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Meanwhile in Oz: Nobody reads the paper? Numbers say differently
Matt Johnson, Publisher - photo by Matt Johnson

One criticism stereotypically hurled at newspapers as other technology has evolved is: “Nobody reads the newspaper.”

Any time a new media has cropped up over many years, whether it be radio, television, the internet, there’s always been an opening for criticism that readership of newspapers is “dead.”

When your life’s work has been journalism in community newspapers, it’s difficult to hear someone say that “nobody reads the newspaper.”

Not only because it’s insulting, but because it’s wrong.

Newspapers like the Monroe Times are required to prove their readership through an independent audit. Just two weeks ago, the Times received its most recent audit from the Circulation Verification Council.

The Monroe Times’ gross distribution in the community is 3,157 newspapers and our net readership is 2,924 newspapers.

This newspaper is not losing readers. It has held its circulation even though we have switched from six to two days a week.

Such an audit for a newspaper is accurate because people pay to have our newspaper, and we can track exactly where our subscribers receive their newspapers and where we sell newspapers on racks at other businesses.

Far more people read the newspaper than our audit number reflects. This is because people share the newspaper and one newspaper is often read by multiple people. A newspaper often goes to a household with more than one adult. Multiple people read it at their places of work. At the Monroe Public Library, there is generally a line awaiting a chance to peruse the pages of the Times.

Monroe Mayor Louis Armstrong told me when I visited him at the Minhas brewery office that when the office copy of the Monroe Times arrives at that business it’s hard to find — because it keeps moving from person to person.

A walk around the Square will show you what people think of being positively featured in the newspaper. I stopped for lunch at Frank’s Franks and the inside of the restaurant includes several clippings about the business in the Monroe Times. I walk up the street to get something at Rainbow Confections and in their glass display case is an entire front page of the Monroe Times with a feature story on that business. It isn’t just prominently displayed in these businesses, but in many businesses.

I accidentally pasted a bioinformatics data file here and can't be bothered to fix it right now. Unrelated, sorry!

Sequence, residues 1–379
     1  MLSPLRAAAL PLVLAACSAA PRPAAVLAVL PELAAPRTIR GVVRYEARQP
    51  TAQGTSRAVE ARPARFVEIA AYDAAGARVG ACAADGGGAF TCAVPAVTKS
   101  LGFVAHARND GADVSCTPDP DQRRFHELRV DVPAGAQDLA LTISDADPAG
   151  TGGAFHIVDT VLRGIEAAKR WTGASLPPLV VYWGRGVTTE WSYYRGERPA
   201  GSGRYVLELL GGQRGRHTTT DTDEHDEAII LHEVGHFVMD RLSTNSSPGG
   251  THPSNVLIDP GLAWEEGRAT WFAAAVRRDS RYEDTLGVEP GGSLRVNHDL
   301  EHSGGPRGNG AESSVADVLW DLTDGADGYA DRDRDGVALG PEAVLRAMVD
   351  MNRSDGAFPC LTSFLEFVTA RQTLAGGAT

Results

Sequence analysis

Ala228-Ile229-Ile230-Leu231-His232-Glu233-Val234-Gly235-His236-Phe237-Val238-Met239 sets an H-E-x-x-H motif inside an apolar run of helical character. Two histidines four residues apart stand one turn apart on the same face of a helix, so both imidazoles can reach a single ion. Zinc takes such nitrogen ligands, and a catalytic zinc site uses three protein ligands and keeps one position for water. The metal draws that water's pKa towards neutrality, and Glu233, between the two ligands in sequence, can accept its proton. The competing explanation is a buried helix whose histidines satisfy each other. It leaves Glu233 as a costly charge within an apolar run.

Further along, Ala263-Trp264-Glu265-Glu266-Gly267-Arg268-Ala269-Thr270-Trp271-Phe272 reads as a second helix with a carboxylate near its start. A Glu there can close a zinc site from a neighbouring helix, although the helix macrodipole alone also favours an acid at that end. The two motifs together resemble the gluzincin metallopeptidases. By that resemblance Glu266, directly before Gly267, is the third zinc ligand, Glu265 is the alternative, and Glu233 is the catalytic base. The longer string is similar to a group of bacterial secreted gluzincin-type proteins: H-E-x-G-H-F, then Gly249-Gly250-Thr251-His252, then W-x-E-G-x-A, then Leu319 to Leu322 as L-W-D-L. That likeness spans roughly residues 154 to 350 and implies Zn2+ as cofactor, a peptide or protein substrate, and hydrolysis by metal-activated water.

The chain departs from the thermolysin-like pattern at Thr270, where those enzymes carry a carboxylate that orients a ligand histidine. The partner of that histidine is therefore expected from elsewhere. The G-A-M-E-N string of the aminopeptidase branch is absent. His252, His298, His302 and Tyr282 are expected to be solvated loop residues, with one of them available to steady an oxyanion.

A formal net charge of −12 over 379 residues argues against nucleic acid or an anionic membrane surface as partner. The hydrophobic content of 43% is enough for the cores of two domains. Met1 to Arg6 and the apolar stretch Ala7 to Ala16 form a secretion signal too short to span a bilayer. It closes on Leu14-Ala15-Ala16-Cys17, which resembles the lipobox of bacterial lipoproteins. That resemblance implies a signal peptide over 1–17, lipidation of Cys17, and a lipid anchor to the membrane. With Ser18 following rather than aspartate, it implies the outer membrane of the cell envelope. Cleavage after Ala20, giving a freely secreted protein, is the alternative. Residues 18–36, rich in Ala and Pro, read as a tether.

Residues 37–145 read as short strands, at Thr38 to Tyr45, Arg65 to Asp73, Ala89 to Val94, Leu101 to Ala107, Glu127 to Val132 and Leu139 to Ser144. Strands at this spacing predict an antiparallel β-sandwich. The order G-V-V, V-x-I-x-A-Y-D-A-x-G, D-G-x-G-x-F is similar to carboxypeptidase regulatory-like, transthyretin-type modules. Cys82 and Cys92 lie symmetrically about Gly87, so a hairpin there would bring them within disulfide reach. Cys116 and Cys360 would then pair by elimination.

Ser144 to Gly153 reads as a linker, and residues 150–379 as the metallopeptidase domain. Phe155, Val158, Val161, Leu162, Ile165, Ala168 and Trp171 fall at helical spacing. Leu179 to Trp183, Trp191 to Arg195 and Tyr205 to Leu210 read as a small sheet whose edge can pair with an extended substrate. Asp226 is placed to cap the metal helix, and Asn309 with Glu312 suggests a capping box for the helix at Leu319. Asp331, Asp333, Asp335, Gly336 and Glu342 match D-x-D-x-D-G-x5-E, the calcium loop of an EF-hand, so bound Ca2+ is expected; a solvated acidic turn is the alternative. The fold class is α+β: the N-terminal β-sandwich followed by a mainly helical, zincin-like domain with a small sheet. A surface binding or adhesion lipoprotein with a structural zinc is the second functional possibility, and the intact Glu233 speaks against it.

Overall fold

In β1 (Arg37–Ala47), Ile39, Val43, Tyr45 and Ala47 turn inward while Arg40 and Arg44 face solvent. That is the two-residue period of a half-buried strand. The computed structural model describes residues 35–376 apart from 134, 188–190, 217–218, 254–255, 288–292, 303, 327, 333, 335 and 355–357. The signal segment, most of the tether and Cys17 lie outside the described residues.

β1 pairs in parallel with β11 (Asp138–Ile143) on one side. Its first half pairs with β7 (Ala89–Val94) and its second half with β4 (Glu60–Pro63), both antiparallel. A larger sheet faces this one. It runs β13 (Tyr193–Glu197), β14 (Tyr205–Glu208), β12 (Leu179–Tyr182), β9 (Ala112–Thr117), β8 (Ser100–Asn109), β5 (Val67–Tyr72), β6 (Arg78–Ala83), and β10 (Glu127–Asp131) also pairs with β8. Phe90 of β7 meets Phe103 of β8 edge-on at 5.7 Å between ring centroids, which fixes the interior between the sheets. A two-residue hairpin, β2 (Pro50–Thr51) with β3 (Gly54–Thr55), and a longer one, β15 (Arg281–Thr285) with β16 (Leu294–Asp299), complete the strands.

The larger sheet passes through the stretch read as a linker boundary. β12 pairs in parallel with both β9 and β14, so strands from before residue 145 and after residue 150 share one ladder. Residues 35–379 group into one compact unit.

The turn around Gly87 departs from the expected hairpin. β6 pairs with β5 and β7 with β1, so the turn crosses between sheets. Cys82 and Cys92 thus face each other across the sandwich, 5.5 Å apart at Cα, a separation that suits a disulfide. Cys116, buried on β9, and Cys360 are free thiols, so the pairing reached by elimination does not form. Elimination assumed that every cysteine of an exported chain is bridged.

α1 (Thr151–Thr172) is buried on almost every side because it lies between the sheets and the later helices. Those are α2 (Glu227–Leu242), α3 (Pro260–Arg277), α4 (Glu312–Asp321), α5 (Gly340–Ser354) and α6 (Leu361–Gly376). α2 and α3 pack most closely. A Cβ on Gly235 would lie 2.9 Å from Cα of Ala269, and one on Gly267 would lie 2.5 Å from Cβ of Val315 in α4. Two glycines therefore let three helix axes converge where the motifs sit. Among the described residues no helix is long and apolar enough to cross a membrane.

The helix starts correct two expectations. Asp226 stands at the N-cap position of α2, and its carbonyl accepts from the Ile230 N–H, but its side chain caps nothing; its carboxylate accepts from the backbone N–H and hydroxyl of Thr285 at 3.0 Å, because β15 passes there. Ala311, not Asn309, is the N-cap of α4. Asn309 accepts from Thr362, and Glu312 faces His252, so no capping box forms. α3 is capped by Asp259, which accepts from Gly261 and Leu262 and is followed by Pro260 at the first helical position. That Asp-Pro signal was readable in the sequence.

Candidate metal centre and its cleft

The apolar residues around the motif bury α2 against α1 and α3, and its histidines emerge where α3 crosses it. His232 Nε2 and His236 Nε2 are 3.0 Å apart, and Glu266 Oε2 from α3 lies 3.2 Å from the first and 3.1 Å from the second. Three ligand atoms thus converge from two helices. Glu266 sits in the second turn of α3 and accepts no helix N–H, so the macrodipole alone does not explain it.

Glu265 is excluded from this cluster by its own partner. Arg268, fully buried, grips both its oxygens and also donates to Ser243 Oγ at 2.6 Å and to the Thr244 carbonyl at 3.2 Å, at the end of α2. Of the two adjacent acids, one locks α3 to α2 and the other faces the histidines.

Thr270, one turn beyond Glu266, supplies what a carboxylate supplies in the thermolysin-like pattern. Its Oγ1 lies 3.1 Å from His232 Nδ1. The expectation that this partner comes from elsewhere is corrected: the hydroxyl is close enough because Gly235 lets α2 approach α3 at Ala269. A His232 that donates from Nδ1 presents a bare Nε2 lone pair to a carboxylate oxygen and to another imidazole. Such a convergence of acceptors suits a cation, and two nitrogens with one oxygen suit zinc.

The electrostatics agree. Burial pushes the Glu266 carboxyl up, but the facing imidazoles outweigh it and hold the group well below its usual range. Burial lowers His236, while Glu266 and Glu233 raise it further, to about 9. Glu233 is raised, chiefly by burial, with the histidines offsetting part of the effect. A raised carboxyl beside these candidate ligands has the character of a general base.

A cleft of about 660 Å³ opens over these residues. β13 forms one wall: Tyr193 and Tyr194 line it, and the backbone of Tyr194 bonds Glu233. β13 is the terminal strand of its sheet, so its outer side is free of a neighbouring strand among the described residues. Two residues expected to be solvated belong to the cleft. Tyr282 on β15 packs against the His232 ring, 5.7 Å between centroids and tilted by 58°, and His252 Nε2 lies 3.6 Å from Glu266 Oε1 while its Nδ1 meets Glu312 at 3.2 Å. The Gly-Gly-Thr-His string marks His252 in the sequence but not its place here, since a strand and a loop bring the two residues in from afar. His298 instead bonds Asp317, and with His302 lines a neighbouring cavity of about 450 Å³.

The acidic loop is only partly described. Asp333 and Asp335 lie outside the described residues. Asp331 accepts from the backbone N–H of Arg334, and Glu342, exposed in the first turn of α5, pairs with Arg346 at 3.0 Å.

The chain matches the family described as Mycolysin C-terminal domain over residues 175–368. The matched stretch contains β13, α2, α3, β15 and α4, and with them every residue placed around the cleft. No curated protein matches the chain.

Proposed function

Civic groups, nonprofits, schools, churches, clubs, etc., send us their news. Our pages are filled with local news people send to us. And people pay us to send them the newspaper in print, or to buy an online subscription so they can read this news. We not only have readers, the Monroe Times audience is comprised of readers with the highest levels of education in the community, and that means they also tend to have the highest income. Talk about having a captive audience?

Let’s suppose those who have the view that “nobody reads the paper” don’t consider positive community information, reporting or feature coverage as news. Suppose they don’t like to read local advertising content. Suppose they aren’t interested in the community at all. Do you want to see someone instantly believe in the power of newspaper readership? See what happens when their name appears in the court news.

The truth is we print far more positive stories about the place we live because it’s a unique, deep-rooted community. Talking about our readership is important because the number of media and entertainment opportunities today is incredible. People can escape into their internet radio subscription, they can subscribe to their television shows on services like Netflix and Hulu, they can easily remove themselves from local media sources.

People who have a deep interest in the community, however, are continually more willing to seek out local information provided in print and online by their local newspaper. Generations of readers are still addicted to having that newspaper in their hands and they enjoy going through the pre-print advertisements, looking at what’s for sale and where sales are happening.

Online readers know we regularly publish news that we deem important to the public beyond our internet paywall. Obituaries have always been available online with no paywall at

The Monroe Times has a Facebook page with over 6,000 followers and it regularly posts social media notes about the stories we’re covering and news happening in the community. We have ways to help businesses target their print, online and social media audiences to our readership. Our CVC audit shows that our website has more than 35,000 web page views each month. Our Google Analytics audits show we provide local businesses between 800,000 to 1.3 million advertising impressions each month. These aren’t guesses; these are verified statistics.

Newspapers, like the Monroe Times, have to continue to tell their story. What we publish is read. We work diligently to do our best to provide our readers with the best news, advertising and online publishing.

We’re both the tried-and-true source of news and the next-best-thing in news at the same time. The Monroe Times has 120 years of tradition keeping this community informed.

— Matt Johnson is publisher of the Monroe Times. His column is published Wednesdays.